covers the key steps in taking on a new employee.
If you're a new employer, or have been in business for less than three
years, you can also get advice by calling HMRC's New Employer Helpline.
How to register as an employer
New employer - getting
contact details for HMRC's New Employer Helpline
Reporting employee information to HMRC
You need to send payroll information to HMRC about everyone you
employ before or on every payday, even if they only work for a very
short time or don't earn much. This includes those earning under
the Lower Earnings Limit, people paid just once a year and any temporary
or casual staff. Before you can pay anyone new, you need to get certain
basic information from them so it's ready to send to HMRC in an FPS.
How to get employee information
When you take on a new employee you will need to obtain and keep
a record of information that is needed when you submit your first
FPS that includes them. This information can be gathered and stored
however you prefer - letter, email or a form. You must keep your
records for the current year and the three previous tax years.
- full name
- date of birth
- full address
- National Insurance number
- the date the employment started
If the employee doesn't give you a P45, you need to obtain the information
in another way. The guide 'Notifying and getting new employee information
right' tells you what you must find out from your employee.
Employee doesn’t have a P45
Notifying and getting new employee information
When you report new employees
When you take on a new employee, you don't need to tell HMRC straightaway
- but you do need to send a report before or on the employee's first
payday. You can take on an employee at any point during a pay period,
but whenever you take on an employee you should record their start
date and report it to HMRC in the first FPS for that employee.
It's a good idea to set up your new employee's details on your payroll
as soon as you receive them, so you have their details ready for
your first FPS.
Notifying and getting new employee information
How to report your payroll
When to report your payroll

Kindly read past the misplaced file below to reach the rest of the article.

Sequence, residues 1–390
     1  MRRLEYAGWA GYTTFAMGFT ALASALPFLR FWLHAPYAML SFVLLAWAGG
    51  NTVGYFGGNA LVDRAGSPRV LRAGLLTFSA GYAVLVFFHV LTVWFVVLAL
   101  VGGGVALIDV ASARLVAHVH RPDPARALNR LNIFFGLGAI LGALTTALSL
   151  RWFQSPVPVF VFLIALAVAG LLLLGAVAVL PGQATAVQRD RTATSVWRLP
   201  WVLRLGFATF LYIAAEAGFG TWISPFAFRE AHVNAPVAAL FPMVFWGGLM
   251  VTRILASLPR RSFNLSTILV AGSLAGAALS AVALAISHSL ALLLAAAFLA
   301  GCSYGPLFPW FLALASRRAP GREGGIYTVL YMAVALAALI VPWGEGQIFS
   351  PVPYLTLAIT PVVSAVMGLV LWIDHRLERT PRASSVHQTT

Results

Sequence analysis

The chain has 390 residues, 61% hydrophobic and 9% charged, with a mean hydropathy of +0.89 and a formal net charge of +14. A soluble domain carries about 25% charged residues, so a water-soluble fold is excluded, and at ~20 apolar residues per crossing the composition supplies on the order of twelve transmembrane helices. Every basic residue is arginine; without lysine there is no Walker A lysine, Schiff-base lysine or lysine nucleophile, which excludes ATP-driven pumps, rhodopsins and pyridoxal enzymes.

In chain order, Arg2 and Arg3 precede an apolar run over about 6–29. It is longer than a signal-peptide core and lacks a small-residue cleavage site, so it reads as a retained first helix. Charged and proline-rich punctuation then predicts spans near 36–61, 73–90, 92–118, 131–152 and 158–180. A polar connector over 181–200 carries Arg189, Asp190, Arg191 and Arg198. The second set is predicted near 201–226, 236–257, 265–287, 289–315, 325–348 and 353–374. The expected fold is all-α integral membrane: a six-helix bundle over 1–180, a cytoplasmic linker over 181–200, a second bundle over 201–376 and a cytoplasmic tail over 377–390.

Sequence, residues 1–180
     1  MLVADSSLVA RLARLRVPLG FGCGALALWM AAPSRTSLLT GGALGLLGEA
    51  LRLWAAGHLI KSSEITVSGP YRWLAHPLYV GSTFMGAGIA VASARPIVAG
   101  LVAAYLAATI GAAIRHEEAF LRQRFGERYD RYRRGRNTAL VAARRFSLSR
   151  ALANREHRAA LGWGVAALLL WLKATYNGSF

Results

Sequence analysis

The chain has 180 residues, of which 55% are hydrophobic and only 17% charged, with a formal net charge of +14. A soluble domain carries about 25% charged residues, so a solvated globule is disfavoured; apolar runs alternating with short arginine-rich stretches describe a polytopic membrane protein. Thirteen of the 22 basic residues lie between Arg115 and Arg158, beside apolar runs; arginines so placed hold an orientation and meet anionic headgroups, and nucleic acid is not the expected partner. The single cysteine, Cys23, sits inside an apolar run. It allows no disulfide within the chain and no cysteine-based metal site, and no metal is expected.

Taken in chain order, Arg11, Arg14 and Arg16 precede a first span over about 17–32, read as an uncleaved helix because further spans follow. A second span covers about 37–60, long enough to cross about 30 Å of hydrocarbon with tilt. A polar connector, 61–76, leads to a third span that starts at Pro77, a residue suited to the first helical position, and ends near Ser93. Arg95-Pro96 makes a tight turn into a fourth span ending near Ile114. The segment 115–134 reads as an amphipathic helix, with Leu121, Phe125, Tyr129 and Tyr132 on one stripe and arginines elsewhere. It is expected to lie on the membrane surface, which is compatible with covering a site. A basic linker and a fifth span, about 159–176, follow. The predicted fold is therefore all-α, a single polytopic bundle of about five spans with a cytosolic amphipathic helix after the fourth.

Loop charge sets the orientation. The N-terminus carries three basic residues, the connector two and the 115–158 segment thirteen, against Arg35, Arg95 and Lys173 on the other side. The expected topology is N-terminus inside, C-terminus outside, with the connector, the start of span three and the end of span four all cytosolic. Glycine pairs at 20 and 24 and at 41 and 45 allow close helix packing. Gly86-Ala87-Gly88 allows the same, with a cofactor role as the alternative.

Paying your first employee for the first time
When you pay someone for the first time, there are a number of things
you can do to help you decide how much tax and NICs to deduct before
you pay them.
You need to decide which method you're going to use to calculate tax,
NICs and other deductions - this process is known as running your payroll.
You can use an agent or payroll bureau or do it yourself using either
commercial payroll software or HMRC's Basic PAYE Tools. You can read
more about the options available in the guide 'Software packages and
other payroll options'.
You also need the information listed above in 'Reporting employee
information to HMRC' to put into your payroll system or into the Employer
Database of the Basic PAYE Tools. You need some of this information
to send to HMRC when you report your payroll information on an FPS
for your employee and some of it to help you calculate the right tax
and NICs for them.
Other information that you have to put into your payroll system or
the Basic PAYE Tools is information you will know - such as the start
date, whether or not the employee is also a director, and the approximate
number of hours worked each week.
and other payroll options
Understanding employee tax codes
Temps and other special cases
There are special rules for deducting tax and NICs in certain circumstances,
for example when your employee is:
- not resident in the UK
- not UK domiciled
- a temporary or agency worker
- a harvest casual or casual beater
- a female who is entitled to pay reduced rate NICs